Kevin Wise, University of Illinois

“The Information Systems Division is my intellectual home.  Imagining my career without it is folly.”

Annie Lang, Indiana University

“When I was a graduate student at UW – Madison and thinking about submitting a paper to ICA for the first time, I looked at the list of divisions and wondered where to submit my paper. I asked my mentors and was told to try Information Systems. The year was 1985 (presented in 86) and it won a top three paper award. Obviously Info Sys (at the time listed as Division 1 because it was the first division founded) was my home. Since then I have been an author on 106 papers presented at ICA, most of them to the Information Systems Division. Over the years I served as vice-chair and chair of the division and have watched several of my PhD students fill those same positions. To me info sys is just one great big family, and as we had printed on our pocket protectors when I was division chair, Info Sys is number 1!”

Prabu David, Michigan State University

“From my days in graduate school, InfoSys has been my research home. I have enjoyed the diversity of topics and approaches. Also, we deserve credit for pioneering submissions as research abstracts based on fresh data from the lab, before it becomes a fully formed manuscript.”

Rob Potter, Indiana University

“Information systems has always meant a division that believed that knowledge is increased when participation is heightened.  That was the drive behind many of the innovations that Information Systems introduced:  graduate student reviewers, extended abstract submissions to allow presentation of the very latest results at the May international conference, and high density sessions.  There are a lot of people doing a lot of rigorous investigation to better understand communication.  Information Systems has always been a place where I can hear about so much of it.”

Esther Thorson, Michigan State University

For many years I’ve perceived Information Systems Division to be delightfully radical.  The majority of the papers focus on theory development and testing, and there are an impressive number of “out-there” ideas that I see in every year’s paper titles.  I never fail to look through every InfoSys session to see what’s cooking.  I think InfoSys was one of the first divisions to allow extended abstracts—for the formidable reason that the newest ideas would be allowed in without all the baggage of a complete paper.  A great idea then and an even better one as the research engine of ICA has continued to increase its fast track.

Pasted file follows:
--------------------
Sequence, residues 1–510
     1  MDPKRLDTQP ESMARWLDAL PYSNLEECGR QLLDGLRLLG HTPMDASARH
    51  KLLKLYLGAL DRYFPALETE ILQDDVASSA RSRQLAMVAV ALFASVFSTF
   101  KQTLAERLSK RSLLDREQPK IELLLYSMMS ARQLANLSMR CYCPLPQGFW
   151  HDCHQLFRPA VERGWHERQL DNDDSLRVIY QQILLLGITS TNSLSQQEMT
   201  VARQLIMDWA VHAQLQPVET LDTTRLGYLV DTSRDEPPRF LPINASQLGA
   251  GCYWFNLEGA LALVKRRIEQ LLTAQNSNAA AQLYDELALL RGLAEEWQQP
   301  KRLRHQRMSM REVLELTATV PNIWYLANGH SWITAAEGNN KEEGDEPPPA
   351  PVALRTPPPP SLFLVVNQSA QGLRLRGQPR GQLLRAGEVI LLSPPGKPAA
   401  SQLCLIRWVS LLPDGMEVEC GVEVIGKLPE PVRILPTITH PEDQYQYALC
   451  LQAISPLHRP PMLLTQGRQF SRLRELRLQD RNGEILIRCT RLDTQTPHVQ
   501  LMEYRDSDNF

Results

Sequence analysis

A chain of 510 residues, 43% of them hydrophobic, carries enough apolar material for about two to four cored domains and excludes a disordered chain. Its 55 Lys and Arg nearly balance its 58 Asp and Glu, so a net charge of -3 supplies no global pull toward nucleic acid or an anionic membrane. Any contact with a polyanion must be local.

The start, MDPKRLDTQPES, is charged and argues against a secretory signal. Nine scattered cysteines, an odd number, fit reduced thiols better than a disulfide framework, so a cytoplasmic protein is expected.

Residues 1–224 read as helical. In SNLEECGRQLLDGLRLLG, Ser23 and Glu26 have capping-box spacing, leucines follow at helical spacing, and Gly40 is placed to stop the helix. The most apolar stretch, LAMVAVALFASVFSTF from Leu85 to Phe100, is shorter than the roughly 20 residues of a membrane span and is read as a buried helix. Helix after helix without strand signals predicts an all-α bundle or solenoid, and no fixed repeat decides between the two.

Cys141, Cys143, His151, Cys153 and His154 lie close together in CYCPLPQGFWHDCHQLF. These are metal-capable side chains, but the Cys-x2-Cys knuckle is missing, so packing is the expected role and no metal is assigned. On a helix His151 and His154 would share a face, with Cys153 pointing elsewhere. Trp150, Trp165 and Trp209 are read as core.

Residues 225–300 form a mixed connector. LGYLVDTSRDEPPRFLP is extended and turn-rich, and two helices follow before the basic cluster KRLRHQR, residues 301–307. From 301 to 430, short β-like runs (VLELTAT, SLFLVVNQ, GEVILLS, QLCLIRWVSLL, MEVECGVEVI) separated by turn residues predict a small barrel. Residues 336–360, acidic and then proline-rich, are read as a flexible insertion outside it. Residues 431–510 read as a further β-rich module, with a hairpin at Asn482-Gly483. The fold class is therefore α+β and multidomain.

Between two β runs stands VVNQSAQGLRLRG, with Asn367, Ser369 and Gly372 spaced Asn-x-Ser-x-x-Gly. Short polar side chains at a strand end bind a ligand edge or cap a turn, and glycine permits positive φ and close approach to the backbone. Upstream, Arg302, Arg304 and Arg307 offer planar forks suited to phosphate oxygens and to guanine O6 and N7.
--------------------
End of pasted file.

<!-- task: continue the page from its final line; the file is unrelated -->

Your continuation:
Edward Fink, Temple University

Professor Emeritus of Communication
University of Maryland

I have been a member of the Information Systems Division of ICA since 1979, and I have served as the division’s vice chair (1979-1981) and chair (1981-1983). Moreover, the convention papers that I have co-authored have received kudos from the division five times.

What keeps me coming back? Please note that it is not because we argue almost every year about changing the division’s name! Rather, it is because this division takes very seriously the idea that our scholarship should strive to meet the objectives of science. Our presentations at ICA’s annual conference typically focus on one or more of the five problems of research methods: measurement, design, analysis, sampling, and ethics. In addition, the presenters provide, and illuminate, new advances and new tests of communication theories.

My colleagues, former colleagues, students, and former students know of my support for this division and my affection for its members. Become active in this division: You too can find this division to be a great scholarly home with encouraging and very smart colleagues.”

Many more on the way stay tuned!

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